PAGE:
This classic American dish can be made in so any ways-- different herbs, temperatures, aromatics stuffed into the cavity. Parker has been roasting chickens for more decades that you'd guess, and here is his tried and true method for an easy and delicious Roast Chicken dinner.
Chop some carrots, onion and celery and place this mixture in the bottom of a shallow roasting pan. Add a tablespoon of dried thyme and a couple of bay leaves. Eventually, you will roast the chicken on this bed of vegetables, or on a rack set right above them.
Allow your chicken to come to temperature on your counter for a half hour. If you think of it ahead of time, let the rinsed and pat-dried chicken rest uncovered in your fridge overnight for especially crispy skin.
Rinse chicken and pat dry if you haven't already. Rub the chicken all over with oil. You might try mincing a couple of cloves of garlic with a little butter and then forcing this mixture under the skin of the chicken breasts.
Season the cavity with salt and pepper, some sprigs of fresh thyme and a couple pieces of onion and carrot. A lemon cut in half is also lovely inside the cavity. Truss the chicken by tying the legs together with cooking twine. This helps maintain even cooking of all parts of the chicken by not drying out the breast meat (too much hot air circulating in cavity) or the thighs (too far apart from the body of the chicken.)
I think that starting the roasting process at a very high heat with plenty of olive and/or butter on the chicken will get things off to a great start. Set the oven at 450, and once it's up to temperature put your prepared chicken in, breast-side up.
After about ten minutes, open the oven and brush the skin with melted butter. Repeat the brushing of butter to the skin in another ten minutes, and then lower the heat to 350.
Roast till the thickest part of the thigh reaches 155-160. The final temperature, after it carries over an additional few degrees when resting, will be safely at 165. Depending on the size of your chicken, this will take anywhere from 1-2 hours. Keep an eye on the thermometer, because you don't want to over-roast.
Remove the roasted chicken from the roasting pan and keep it warm in tin foil. Wait for 15 minutes or so before you carve to allow the juices to reincorporate into the meat.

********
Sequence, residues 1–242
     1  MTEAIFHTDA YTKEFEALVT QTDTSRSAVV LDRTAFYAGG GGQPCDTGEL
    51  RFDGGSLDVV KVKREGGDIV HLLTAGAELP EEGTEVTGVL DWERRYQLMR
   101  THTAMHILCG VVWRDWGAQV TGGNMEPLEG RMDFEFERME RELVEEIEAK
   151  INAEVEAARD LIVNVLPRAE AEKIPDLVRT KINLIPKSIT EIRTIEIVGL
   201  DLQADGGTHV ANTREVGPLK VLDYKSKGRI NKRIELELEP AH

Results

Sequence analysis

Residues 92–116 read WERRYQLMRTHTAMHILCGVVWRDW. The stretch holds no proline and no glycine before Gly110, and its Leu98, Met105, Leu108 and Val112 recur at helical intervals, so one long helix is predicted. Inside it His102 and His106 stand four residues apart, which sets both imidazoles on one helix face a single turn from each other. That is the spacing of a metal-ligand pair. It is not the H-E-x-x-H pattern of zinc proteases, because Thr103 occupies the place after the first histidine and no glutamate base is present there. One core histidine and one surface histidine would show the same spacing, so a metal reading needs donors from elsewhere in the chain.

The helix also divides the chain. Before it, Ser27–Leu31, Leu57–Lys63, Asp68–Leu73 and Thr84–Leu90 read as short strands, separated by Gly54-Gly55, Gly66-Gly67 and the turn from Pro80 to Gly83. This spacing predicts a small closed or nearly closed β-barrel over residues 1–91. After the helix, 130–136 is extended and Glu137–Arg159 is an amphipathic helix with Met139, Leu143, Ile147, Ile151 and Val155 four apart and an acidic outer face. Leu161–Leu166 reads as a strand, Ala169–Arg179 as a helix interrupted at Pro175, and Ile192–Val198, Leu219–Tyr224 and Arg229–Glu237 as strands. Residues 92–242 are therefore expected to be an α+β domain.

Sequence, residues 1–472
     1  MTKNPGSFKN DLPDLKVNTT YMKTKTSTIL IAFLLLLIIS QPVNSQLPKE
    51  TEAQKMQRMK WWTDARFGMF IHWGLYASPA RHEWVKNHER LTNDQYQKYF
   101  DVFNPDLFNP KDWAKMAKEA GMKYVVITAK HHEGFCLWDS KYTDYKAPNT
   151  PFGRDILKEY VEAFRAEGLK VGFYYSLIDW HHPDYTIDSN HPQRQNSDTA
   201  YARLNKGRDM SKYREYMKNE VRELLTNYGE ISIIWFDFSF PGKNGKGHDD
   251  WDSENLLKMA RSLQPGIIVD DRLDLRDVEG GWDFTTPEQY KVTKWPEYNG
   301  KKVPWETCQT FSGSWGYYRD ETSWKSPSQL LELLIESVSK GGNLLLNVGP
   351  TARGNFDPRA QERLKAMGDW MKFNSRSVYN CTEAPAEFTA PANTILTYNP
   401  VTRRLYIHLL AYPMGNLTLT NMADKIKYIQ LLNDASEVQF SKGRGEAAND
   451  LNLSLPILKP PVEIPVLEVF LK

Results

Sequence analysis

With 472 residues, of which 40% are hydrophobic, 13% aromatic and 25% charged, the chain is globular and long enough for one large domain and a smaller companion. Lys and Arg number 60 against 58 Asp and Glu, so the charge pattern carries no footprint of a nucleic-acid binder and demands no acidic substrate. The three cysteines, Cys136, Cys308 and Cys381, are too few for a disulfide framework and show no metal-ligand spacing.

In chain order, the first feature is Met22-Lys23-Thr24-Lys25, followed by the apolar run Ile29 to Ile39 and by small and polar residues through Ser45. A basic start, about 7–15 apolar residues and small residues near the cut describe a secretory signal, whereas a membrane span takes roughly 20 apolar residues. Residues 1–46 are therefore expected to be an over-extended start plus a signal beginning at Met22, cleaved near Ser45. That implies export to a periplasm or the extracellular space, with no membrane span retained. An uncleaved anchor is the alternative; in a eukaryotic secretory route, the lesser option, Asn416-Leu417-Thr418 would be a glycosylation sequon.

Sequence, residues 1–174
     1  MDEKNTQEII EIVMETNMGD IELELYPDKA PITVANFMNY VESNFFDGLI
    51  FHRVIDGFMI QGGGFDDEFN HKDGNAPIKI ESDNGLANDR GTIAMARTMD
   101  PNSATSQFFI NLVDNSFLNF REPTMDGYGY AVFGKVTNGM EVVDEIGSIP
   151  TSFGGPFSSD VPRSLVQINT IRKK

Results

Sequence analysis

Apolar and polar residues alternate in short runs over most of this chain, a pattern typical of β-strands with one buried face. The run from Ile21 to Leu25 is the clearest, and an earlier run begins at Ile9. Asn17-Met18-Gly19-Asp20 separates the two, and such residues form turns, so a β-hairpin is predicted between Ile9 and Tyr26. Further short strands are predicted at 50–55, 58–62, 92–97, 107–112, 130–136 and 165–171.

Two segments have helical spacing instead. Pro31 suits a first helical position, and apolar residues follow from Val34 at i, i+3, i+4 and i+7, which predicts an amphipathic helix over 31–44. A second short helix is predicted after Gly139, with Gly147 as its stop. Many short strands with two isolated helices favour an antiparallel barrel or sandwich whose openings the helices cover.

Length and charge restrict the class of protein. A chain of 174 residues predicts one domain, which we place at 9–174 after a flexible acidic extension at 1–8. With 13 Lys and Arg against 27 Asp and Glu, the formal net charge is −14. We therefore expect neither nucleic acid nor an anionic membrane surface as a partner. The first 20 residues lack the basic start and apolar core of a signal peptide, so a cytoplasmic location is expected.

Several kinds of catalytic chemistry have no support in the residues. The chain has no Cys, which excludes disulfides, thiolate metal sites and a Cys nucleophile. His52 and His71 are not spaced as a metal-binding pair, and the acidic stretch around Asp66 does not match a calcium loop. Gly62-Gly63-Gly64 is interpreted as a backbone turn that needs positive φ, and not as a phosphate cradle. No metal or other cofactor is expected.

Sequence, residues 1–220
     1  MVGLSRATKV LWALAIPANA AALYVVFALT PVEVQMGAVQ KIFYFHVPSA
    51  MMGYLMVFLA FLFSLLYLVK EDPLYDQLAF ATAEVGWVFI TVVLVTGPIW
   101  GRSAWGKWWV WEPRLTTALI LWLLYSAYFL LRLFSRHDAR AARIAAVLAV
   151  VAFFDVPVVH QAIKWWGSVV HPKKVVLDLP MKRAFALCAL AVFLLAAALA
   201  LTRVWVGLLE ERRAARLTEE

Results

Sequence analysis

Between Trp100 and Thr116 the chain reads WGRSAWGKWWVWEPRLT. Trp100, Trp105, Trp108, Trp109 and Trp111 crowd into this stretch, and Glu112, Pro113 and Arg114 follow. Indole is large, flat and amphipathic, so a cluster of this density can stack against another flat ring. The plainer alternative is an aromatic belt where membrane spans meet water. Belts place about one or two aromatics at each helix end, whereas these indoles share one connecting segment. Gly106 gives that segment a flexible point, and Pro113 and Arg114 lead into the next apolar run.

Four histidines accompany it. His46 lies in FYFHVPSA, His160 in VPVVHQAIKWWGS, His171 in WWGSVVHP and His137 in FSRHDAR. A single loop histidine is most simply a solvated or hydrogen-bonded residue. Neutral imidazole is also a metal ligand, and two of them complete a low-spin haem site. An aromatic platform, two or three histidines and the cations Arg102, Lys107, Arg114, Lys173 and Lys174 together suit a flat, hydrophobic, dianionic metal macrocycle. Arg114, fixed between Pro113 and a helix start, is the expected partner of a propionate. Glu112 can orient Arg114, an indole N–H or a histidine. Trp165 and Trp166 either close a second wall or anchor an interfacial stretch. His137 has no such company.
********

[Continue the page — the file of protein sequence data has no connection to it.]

To carve, start with the breast. Using a long, thin, sharp knife, make a slice just alongside the breast bone. Slice in long, even strokes, cutting down until you reach bone, and then start to angle the knife out, towards the outside of the breast, continuing to cut along the ribs in long, even strokes. Tug the breast meat away gently as you go. Do the same for the other breast. You can keep the wing attached, or simply slice it off and serve separately (or save for stock.)
For the thighs, remove the truss string. Pull the drumstick gently away from the body of the chicken and slice through the skin connecting them. Continue to slice down and through the skin, pulling the leg with you as you go (not so hard that the bone slips out of the meat!), till you get to the hip joint. You can cut your knife in between the joint and the bone here, through the cartilage. If the chicken is well-cooked, it should come apart easily. If you're having trouble, flip the chicken over and follow the line of the meat along the back, slicing the whole leg off in one piece.
To remove the thigh from the drumstick, flip the piece over so the meat is exposed, not the skin. There is a thick white band of cartilage you can easily slice through, following it as a guideline.
Turn the chicken over to see the back. Remove the small nuggets of tenderloin, on either side of the spine near the shoulder blades. You should probably just eat those right away because they're so delicious.
Go back through and do any clean up work you need, making sure to get the meat on the top of the chicken near the wishbone and anything left on the sides. For a helpful video, click here.
Enjoy a roasted chicken sprinkled with Balsamic vinegar, or on a bed of the sauce you made from the puréed veggies and chicken drippings. Roast chicken is equally tasty served cold the next day: allow the chicken to cool completely and use the cold meat the next day in sandwiches, salads, pasta, pot pies or soups.
Place all the bones from the roasted chicken in a heavy‐bottomed pan. Add some chopped onion, celery and carrot. Add enough water to cover the bones and vegetables.
Bring to the boil and skim any foam that develops for a couple of minutes. Reduce the heat to low. Add some dried thyme and a bay leaf. Cook for 4‐5 hours. Add more water to keep the level above the bones and vegetables.
Let the stock cool for a few minutes then strain it through a damp towel. Refrigerate the stock overnight. The next day, remove the fat from the top. Strain again. Return the stock to the pot and boil until the volume is reduced by 1/3.
Cool the stock and freeze it in small containers for future use. If you can’t make stock this week, freeze the carcass and bones and make it in the future.